while PSIV has nothing to brag about visually, the developers at
Sega used what tools were available and re-invented them and their
use to make a great visual experience. Like with the combo attacks,
the visuals in the end far exceed the sum of it's parts.
Well, the music is
quite good and fits the mood almost every time. That's about all I
can say about the audio. The sound effects are the same crap that
filled 16-bit RPGs, and the music is a midi-mess. However, like with
FF games on the SNES, the music is able to fit the mood quite
accurately. If you wanted more details...sorry, but there is not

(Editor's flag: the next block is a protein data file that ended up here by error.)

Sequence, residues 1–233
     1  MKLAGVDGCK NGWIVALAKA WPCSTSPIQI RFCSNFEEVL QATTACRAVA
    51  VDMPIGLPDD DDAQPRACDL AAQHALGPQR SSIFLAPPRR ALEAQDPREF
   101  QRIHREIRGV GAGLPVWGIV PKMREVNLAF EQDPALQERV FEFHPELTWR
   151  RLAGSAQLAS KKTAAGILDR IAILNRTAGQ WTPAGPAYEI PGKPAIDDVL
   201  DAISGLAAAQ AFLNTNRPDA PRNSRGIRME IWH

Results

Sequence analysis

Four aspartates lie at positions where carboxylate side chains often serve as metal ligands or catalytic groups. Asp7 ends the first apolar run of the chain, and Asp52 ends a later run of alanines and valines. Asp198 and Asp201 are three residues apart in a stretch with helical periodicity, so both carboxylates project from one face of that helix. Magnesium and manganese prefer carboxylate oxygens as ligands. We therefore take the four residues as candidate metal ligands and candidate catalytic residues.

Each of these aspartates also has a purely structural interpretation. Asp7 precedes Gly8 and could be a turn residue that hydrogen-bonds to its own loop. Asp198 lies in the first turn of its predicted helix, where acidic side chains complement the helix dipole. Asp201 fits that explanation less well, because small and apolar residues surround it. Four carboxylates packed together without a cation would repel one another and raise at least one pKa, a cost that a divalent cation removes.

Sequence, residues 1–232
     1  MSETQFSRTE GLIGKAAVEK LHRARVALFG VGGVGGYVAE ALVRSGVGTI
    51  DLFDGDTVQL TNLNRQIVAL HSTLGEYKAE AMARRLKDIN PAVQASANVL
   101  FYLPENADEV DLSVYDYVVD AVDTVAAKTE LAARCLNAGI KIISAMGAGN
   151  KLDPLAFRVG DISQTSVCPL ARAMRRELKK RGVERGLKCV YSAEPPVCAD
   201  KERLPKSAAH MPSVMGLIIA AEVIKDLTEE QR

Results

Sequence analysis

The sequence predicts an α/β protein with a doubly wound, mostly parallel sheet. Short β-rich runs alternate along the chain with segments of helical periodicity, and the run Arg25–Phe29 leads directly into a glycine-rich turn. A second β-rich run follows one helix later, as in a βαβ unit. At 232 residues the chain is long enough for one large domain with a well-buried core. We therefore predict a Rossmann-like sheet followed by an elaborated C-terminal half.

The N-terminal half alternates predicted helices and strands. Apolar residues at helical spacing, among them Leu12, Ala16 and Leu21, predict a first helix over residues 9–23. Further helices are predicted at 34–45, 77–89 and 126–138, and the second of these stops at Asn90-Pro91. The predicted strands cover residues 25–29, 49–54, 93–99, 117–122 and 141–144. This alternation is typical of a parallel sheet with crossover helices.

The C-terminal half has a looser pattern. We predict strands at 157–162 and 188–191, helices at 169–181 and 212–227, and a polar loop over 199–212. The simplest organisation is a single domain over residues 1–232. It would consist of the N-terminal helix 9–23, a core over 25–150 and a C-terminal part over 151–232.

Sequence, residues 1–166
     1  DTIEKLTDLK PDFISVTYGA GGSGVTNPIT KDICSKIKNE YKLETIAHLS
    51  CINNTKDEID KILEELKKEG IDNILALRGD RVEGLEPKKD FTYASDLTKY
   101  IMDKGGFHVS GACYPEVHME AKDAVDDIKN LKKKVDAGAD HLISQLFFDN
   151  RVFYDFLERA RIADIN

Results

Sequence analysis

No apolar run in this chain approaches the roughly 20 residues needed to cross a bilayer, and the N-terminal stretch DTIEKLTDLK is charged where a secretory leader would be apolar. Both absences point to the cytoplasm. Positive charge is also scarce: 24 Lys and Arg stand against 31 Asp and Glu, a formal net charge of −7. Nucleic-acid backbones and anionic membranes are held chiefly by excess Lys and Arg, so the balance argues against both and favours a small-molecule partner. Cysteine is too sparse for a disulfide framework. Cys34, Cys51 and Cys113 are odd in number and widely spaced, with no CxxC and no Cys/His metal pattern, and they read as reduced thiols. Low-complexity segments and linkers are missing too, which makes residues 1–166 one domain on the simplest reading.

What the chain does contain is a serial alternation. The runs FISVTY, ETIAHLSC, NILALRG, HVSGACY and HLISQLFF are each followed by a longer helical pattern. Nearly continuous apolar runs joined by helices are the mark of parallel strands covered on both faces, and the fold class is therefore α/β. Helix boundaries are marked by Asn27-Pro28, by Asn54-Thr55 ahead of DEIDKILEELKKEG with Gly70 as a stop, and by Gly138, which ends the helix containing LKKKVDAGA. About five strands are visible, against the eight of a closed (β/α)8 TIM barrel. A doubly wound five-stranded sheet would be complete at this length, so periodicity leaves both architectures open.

much to say in regards to the visuals...that's it...
lack of quality RPGs in the last year or two, PSIV is definitely a
game that should be looked upon for a second time by the RPG geeks
of today. The game play and plot were deep and involving without
crossing into that dreaded land of "innovation"...to me
innovation usually means something new that wont be used again and
wasn't used before because it was just a crappy idea. PSIV shows how
before Square threw innovation down our throats, things were just
simpler and more fun. The visuals are of a style that, without using
anything technologically new, it was a breath of fresh air back
then, and even now. Sadly, the audio doesn't do much for the
experience, but there isn't anything here to take away from the
experience. So, in conclusion, I
give PSIV a 9.25 out of 10.
Going back to play this classic now, I still have fun and the old
technology of PSIV's day doesn't ruin this experience one bit.